We all know super PACs have permanently changed the face of American politics. But in South Carolina, right now, we’re getting a preview of the unprecedented ways they can alter a campaign.
South Carolina, as you may know, is kind of a big deal. It has a large population—4.8 million people—and a bad reputation because it’s a place where candidates love to break out their dirtiest tricks.
Or, in the case of Ted Cruz’s super PACs, their most experimental. The cluster of well-funded super PACs boosting Cruz’s candidacy is trying out a new tactic in the Palmetto State, indicating the extent to which super PACs are encroaching on traditional campaign turf.
And it has Cruz’s rivals scared.
Said super PAC, called Keep the Promise—which is actually sub-divided into several different PACs, each funded by a different billionaire family—has blithely tossed the traditional super PAC playbook to the winds. In fact, they’ve taken on typical campaign operations: gathering voter data, targeting likely Cruz supporters, and knocking on thousands of doors to get out the vote.
The super PAC has had upwards of 250 people canvassing the state, targeting the homes of persuadable Republican voters. Thus far, they estimate they’ve knocked on more than 93,000 doors. And by Election Day, they’re shooting to have knocked on 100,000. In any given week, they say, 100 to 150 individual people spend eight-hour days doing the door-knocking. And most of them get paid.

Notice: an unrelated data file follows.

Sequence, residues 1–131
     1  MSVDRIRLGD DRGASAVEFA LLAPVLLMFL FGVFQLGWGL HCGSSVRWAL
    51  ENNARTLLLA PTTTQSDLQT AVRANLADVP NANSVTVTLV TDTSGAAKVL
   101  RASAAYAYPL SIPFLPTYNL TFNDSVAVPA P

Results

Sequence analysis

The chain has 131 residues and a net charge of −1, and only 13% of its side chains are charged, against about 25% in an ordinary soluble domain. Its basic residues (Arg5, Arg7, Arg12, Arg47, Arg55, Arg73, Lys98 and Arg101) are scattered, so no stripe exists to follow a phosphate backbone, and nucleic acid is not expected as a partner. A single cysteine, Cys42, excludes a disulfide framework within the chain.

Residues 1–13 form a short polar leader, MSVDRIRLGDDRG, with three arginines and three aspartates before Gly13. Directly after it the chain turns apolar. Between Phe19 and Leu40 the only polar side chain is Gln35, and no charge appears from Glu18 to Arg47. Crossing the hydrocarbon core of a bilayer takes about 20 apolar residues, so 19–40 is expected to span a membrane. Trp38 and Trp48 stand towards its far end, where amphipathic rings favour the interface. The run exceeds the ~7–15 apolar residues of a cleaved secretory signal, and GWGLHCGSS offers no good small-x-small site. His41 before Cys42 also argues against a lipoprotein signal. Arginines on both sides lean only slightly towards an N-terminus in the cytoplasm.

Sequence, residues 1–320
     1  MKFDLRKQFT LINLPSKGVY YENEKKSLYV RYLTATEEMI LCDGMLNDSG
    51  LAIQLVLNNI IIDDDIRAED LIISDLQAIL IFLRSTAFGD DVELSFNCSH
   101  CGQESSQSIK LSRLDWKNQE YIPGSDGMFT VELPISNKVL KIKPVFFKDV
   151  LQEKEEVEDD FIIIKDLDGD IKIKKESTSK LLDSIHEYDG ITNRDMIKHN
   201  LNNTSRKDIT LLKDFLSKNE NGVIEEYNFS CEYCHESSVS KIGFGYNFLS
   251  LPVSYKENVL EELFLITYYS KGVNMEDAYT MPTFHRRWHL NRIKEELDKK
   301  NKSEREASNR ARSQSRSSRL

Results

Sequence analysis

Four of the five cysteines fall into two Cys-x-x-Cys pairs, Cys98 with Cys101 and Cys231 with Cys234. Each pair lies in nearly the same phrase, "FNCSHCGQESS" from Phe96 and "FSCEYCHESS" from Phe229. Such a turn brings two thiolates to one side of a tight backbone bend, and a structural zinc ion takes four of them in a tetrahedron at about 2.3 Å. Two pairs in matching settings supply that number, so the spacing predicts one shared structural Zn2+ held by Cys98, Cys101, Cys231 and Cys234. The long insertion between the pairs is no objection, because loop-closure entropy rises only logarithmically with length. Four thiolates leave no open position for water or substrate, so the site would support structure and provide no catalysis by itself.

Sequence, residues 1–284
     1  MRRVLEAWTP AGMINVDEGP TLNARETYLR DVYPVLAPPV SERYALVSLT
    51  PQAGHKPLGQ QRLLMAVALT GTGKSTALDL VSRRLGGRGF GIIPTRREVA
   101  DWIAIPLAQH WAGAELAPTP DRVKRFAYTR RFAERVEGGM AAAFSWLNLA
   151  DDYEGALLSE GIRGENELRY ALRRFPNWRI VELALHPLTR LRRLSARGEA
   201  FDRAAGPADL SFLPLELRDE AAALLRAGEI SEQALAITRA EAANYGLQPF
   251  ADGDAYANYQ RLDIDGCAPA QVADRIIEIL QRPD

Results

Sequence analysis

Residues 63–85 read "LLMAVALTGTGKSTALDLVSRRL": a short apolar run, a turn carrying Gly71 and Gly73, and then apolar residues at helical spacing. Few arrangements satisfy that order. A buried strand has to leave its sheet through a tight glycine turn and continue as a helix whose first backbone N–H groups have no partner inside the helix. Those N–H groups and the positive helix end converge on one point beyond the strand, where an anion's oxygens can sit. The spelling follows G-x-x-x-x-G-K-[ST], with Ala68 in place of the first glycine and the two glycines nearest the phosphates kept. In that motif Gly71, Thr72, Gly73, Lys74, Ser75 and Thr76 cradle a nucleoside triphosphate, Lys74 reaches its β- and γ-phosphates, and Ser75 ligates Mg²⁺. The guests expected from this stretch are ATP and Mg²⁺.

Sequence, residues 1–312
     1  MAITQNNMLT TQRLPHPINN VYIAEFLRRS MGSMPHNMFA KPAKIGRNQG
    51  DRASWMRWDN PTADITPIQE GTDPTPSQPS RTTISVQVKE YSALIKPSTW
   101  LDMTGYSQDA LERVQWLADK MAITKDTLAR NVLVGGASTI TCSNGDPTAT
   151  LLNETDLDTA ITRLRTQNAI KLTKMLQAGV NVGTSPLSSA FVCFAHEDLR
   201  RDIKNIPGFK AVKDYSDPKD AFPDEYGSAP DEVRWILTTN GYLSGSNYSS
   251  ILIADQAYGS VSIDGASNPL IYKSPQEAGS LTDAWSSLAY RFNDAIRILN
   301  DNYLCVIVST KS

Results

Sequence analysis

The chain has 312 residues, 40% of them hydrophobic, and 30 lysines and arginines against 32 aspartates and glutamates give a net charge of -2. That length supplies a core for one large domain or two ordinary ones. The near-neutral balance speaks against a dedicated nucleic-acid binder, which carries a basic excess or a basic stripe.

Traditionally—to the extent that we have age-old super PAC traditions—super PACs pay for expensive TV and radio ads. Federal election law forbids them from coordinating with the campaigns they try to boost, so shelling out big bucks to produce and air TV ads has been their natural role. And that’s what most of them have done in this cycle—from a pro-Rubio super PAC running birther-esque ads ominously intimating that Cruz is darkly influenced by his Canadian roots, to the pro-Bush Right to Rise PAC, which got President George W. Bush to star in a spot boosting Jeb.
That’s the norm. Campaigns run events, corral volunteers, and staff regional offices; super PACs slap up ads.
South Carolina politicos describe it as an effective, relentless operation. And it has some of Cruz’s opponents feeling a little jittery.
“I’ll be very shocked, honestly, if Ted Cruz doesn’t win the primary,” said an operative for a rival campaign, citing Keep the Promise’s blanketing of the Upstate.
Trump has led by double digits in all the recent Palmetto State polls. But some are skeptical that his lead is really that commanding. And they point to the different ground games—particularly, to that of Keep the Promise—as evidence for their doubt.
Keep the Promise staff explained that the group has been door-knocking across the state, in a few targeted regions and counties, since last November. In early January, those door-knockers started focusing on persuasion: identifying likely Republican primary voters who favor an Evangelical Christian candidate, knocking on their doors, and having conversations aimed at persuading them to back Cruz.